As floods strike Mali again – this time, in the country’s lean season – Islamic Relief is a lifeline for families in dire need after losing their food stocks and homes.

Heavy rains which began at the end of August have triggered widespread flooding in parts of the west African country.

The deluge has caused houses to collapse and forced families to flee their homes. Damaged toilets and contaminated wells have fuelled an increase in diarrhoea and skin diseases.

The disaster comes during the country’s lean season. It has destroyed precious food stocks – which families were counting on to get them through to the next harvest – killed livestock, and decimated crops.

Gabkoro Traore assesses the damage to his home in Falou, Nara.

Islamic Relief is delivering aid in one of the hardest hit regions

Islamic Relief’s emergency teams are working in one of the hardest hit regions, Gourma Rharous, where floods have affected over 28,000 people and communities are particularly hard to reach.

We are currently focusing our efforts on the Circle of Gourma Rharous and the Circle of Nara, which is the worst affected area in the country. Many have lost food reserves and the livestock their livelihoods depend on.

Bringing in supplies by boat where needed, we’re giving 360 families in Banikane essential staples like rice, spaghetti, oil and salt. Each food parcel is designed to last a month.

Nearly 880 other families in Serere, Banikane and Rharous will be able to buy food thanks to cash vouchers provided by Islamic Relief with support from the START Fund.

In Guire, the flooding has ruined Alou Tounkara’s home.

Also thanks to the START Fund’s support, over 1,330 households will be able to buy items that they badly need to survive. Communities will decide themselves what they need, but materials to repair their damaged homes, cooking sets and hygiene products are expected to be high on the list.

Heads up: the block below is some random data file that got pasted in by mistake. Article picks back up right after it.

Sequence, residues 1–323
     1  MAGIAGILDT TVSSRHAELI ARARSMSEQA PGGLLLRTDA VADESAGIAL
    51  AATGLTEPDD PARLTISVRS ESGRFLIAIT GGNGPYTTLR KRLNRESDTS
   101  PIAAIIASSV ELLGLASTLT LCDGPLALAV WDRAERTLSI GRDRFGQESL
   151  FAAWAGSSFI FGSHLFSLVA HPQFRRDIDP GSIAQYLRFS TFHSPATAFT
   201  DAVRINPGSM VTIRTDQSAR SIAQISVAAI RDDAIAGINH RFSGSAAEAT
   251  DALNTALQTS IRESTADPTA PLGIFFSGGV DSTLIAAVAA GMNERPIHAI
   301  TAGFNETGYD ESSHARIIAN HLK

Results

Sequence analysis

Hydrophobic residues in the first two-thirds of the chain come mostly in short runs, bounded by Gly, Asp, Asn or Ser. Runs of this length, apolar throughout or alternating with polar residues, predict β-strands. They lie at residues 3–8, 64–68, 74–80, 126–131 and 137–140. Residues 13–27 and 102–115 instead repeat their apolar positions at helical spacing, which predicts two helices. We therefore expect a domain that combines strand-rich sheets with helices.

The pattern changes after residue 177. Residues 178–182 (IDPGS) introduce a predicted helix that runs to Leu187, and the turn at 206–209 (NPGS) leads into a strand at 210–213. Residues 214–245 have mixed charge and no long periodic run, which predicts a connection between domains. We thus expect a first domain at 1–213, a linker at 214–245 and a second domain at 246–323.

In Nara, our emergency relief efforts are being funded by the Humanitarian Coalition, through member agency Islamic Relief Canada, with support from the Canadian government.

Over 1,200 families in the commune will get urgently needed items as well as cash vouchers to buy items like hygiene and sanitation products. Nearly half of them will also receive help to construct temporary shelters to protect themselves from the elements.

Local people in Falou, Nara, receive cash vouchers to buy urgently needed items.

Protecting the most vulnerable during the crisis

Incidents of gender-based violence and child protection issues can rise at times of crisis. So as part of our emergency response to the floods, we’re equipping even more local people to tackle these issues by expanding our Channels of Hope programme in Nara.

As well as giving fresh new training to the community team already working in the area, we’re setting up another five teams to push for positive change.

Islamic Relief teams in Mali remain on high alert for further floods. The country, which saw its capital hit by flash floods just months ago, is now in its peak rainy season – with much more rainfall than is usual at this time of year.

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